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Rediff.com  » Movies » Why did Fida flop?

Why did Fida flop?

By Syed Firdaus Ashraf
September 02, 2004 15:50 IST
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Shahid, Kareena in FidaThe offscreen chemistry between Kareena Kapoor and Shahid Kapur was supposed to take the box office by storm in their first film together, Fida, which released on August 20.

But the film, directed by Ken Ghosh and costarring Fardeen Khan, has proved to be a damp squib.

Fida's music had soared up the charts, and the movie was expected to become a hit. But trade figures tell a different story.

In the second week after its release, Fida is dropping in all the centres and is expected to make huge losses for its distributors. It received a lukewarm opening in the US and UK as well.

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Confirming the slump, trade analyst Taran Adarsh claims one of the reasons for the film's failure is the script.

"The film is very gripping till the interval, but after that, it gets confusing. Another problem is that the film does not have a happy ending. So, families have stayed away from it. Fida is meant more for the youth and multiplex kind of audiences," he says.

Fida sees Kareena playing a negative role for the first time in her career. Since the plot  was kept under wraps, her fans were taken by surprise by the revelation.

However, Adarsh points out the film is very stylish and was promoted very well on television, the credit for which, he, says, must be given to director Ken Ghosh and the producer, TIPS.

Ghosh feels differently.

"I don't agree Fida has fared badly," the director told rediff.com

"It is an average hit. Nobody has lost money. Moreover, you can't give a verdict on a film after two weeks [of its release]. You have to wait for at least five weeks."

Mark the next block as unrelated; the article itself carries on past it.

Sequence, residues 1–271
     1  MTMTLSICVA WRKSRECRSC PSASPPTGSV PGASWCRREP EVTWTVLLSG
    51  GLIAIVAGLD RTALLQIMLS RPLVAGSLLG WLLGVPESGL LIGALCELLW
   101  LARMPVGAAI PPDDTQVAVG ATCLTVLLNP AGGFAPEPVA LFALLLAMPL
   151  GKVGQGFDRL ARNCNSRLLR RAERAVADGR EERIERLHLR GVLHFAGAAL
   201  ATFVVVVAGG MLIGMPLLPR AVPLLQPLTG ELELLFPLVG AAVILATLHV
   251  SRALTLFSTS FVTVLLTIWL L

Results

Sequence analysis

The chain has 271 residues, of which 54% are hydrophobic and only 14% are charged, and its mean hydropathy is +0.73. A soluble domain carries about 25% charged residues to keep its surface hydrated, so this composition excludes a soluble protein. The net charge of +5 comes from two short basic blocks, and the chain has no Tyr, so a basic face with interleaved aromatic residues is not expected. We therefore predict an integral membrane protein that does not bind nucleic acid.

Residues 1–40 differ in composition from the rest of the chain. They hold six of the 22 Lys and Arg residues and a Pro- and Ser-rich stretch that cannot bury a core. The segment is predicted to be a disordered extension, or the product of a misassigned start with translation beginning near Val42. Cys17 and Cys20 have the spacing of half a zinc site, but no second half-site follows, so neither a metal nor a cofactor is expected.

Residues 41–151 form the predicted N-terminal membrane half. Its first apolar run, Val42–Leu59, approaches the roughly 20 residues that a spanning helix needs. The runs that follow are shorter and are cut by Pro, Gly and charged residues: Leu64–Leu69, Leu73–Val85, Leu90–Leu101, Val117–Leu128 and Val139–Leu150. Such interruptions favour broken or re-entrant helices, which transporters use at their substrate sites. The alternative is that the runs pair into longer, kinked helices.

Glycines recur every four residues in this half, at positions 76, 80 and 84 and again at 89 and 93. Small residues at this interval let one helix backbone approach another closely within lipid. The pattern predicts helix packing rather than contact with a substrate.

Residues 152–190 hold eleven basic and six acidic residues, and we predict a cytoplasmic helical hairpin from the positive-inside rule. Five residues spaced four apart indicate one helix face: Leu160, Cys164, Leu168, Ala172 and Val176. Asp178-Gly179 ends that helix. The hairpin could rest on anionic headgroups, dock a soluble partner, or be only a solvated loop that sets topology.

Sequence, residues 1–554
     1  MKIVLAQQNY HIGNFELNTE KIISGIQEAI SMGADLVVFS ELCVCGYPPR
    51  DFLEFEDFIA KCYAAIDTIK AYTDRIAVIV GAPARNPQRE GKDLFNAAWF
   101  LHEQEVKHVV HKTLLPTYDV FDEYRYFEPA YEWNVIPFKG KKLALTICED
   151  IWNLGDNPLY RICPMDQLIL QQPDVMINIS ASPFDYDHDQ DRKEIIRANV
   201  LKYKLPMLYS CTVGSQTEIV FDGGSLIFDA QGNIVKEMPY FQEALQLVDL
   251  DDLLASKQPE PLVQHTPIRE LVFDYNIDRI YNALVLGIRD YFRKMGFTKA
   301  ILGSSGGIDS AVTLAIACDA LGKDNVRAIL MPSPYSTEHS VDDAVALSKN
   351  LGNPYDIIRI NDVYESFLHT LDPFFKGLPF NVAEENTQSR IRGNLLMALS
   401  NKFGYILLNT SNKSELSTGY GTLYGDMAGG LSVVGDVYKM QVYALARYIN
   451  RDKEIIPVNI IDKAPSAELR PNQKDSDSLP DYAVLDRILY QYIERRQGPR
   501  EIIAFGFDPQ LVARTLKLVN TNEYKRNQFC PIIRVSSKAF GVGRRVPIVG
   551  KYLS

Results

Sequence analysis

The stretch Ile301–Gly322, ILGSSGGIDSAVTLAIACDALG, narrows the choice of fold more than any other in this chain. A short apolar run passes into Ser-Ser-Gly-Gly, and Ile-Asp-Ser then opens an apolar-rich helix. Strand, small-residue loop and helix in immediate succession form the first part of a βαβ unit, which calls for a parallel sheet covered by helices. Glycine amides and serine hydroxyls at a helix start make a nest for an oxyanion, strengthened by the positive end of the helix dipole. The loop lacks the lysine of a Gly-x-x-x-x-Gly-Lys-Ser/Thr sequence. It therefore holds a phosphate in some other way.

This is Ghosh's second film, after the surprise hit, Ishq Vishk, starring Shahid, Amrita Arora and Shenaz Treasurywalla.

"When we started with Fida," he says, "we knew it was a risky subject. There are two kind of filmmakers -- the first kind is those who go by the formula kind of films with a safe script; the second kind is those who take risks. We were from the second type, who takes risks."

Ghosh believes a certain section of the Hindi film industry want to sully his name by terming his film a flop.

"Some people don't want me and Shahid to succeed," he says, "therefore, they keep saying our film is not doing well. If you read the film reviews in all the major newspapers and web sites, you will see that they have liked it."

Another trade pundit Vinod Mirani feels the script did not match the cast.

"The stars were miscast in Fida. It was an adult kind of film. Kareena, Fardeen, Shahid did not suit those roles," he says.

"Now, feel-good films like Hum Tum are doing well," says Mirani. "A thriller like Fida will never work. I feel the film was bad overall."

Asked why Kareena and Shahid's real life romance didn't click in reel life, Mirani believes, "These things are in the past. You see them together in magazines and on television. So, the urge to watch them on screen is not high. If you want to see them making a hit, then you have to make a good film. That's it."

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